Saturday, April 13, 2013

Pentecostal Prayer Day 12

A friend of great faith has asked many times, "If we don't pray to God as a Father, or as Jesus, to whom do we pray?" She asks this because I insist that, for me, there is no particular "face" or "person" of God. For me, their is a living Sacred Spirit that permeates the universe. I have prayed over and thought deeply about this disconnect in our discussions of prayer. This morning The Sacred Spirit came over me with an answer. I pray to the people who are the branches on the vine of responsibly compassionate people. These are the people who seem fed by The Sacred Spirit, no matter their religion, race, or region.

It is so much more difficult to humble ourselves enough to ask a person to help us than it is to pray to "God" and then have someone simply show up with hands to help. We owe no debt to "God," but we seem to feel dis-empowered by feelings of gratitude to another human. Do we feel that we have to pay back what we admit was done for us out of pure love or compassion?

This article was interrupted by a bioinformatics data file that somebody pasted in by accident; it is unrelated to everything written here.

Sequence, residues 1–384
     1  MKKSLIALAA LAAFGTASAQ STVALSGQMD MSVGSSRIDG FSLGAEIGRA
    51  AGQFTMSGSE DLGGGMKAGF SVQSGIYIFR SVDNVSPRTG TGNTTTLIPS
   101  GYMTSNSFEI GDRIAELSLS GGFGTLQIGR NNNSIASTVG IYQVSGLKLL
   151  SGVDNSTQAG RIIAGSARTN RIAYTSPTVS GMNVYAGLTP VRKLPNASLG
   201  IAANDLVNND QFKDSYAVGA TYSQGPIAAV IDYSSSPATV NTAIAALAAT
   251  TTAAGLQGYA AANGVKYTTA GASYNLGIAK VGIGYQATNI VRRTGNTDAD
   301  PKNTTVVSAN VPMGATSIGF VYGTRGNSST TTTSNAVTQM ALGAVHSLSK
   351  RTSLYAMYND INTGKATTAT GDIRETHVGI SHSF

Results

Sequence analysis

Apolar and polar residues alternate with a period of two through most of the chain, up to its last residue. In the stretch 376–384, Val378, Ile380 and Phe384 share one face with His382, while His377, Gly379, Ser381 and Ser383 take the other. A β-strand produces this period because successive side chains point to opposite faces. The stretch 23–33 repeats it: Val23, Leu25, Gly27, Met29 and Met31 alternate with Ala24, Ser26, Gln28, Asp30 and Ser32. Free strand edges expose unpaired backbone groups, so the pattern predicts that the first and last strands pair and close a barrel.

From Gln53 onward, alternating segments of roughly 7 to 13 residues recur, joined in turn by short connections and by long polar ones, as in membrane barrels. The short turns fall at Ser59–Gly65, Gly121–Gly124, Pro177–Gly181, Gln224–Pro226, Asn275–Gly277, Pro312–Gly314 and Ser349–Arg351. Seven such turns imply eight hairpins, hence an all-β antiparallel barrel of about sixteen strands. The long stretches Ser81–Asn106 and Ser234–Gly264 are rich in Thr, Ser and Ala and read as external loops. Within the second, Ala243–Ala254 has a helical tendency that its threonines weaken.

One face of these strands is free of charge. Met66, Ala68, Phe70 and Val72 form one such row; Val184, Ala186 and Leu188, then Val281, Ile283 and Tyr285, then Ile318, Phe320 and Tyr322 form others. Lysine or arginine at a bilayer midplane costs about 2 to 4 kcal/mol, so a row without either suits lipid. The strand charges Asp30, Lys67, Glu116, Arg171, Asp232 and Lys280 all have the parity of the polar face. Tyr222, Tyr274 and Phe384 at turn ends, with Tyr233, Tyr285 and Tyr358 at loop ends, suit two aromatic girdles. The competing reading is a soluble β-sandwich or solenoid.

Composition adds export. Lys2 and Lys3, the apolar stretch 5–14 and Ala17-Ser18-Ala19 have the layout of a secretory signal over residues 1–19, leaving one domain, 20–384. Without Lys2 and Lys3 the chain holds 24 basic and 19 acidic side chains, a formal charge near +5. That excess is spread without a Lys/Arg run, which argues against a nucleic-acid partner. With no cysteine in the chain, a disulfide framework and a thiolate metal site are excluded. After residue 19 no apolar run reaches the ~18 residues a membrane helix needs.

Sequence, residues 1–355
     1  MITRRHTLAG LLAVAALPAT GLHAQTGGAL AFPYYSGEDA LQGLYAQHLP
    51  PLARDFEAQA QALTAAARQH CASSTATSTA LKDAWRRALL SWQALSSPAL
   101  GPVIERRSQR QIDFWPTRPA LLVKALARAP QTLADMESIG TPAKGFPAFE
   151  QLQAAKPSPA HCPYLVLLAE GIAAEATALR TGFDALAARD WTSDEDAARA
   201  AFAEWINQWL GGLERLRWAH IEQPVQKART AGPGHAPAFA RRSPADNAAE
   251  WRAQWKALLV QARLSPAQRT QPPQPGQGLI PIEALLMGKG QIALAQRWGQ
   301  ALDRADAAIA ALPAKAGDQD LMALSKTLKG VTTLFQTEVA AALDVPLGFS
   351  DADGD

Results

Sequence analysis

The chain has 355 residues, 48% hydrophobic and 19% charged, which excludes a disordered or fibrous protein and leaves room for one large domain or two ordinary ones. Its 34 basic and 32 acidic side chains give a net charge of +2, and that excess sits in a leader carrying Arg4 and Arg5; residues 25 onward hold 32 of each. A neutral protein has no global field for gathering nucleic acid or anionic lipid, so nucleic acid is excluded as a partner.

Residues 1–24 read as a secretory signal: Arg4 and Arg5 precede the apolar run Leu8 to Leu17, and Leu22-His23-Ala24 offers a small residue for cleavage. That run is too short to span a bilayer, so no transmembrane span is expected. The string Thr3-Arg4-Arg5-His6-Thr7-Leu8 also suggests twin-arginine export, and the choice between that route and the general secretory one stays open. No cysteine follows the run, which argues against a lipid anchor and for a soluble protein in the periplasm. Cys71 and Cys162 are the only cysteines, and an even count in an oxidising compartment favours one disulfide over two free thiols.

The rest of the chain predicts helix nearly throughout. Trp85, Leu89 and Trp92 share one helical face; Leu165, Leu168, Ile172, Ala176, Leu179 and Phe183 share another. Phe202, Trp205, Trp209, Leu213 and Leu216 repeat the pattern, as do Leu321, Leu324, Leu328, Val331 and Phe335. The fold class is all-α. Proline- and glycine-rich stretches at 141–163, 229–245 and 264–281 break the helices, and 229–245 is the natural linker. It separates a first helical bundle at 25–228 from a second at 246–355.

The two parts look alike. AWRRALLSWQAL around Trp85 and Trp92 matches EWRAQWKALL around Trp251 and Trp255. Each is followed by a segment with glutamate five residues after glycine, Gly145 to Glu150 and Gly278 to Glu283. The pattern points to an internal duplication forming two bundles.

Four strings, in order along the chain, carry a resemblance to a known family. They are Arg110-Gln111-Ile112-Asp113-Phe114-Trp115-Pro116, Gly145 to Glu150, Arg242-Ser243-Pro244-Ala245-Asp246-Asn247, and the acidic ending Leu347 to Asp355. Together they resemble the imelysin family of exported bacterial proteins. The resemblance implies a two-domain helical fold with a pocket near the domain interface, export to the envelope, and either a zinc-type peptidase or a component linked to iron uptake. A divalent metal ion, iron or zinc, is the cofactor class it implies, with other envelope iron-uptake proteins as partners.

It is my experience that there are few people who openly appreciate other people on a deep personal level, as if appreciation will make a person less humble, or will diminish one's own worth. There are also people who are uncomfortable with outspoken appreciation; is this because they are afraid of losing their own humility? Sadly, there are those who see open appreciation as a sign of weakness in the person showing it, and seek to exploit this vulnerability. I don't know what to say about these people, other than to avoid them.

If The Sacred Spirit is the water for the vine of full humanity, appreciation of every leaf is the sunshine that feeds more energy into the vine. The person who mops the floors can either celebrate The Sacred Spirit  by doing the best job possible or can make mopping a punishment. This goes for every person doing every activity on earth. In Shakespeare the term, "I pray thee," is used. Perhaps we'd feel more imbued with The Sacred Spirit if we began saying to people, when asking for assistance, "I pray thee."

Don't forget to celebrate and openly appreciate the cook, the housekeeper, the babysitter, the janitor, the cashier, etc. when they do their jobs as celebrations of The Sacred Spirit inside themselves.

My prayer for Pentecost is that we learn to pray, not only over and with each other, but also to The Sacred Spirit in each of us.

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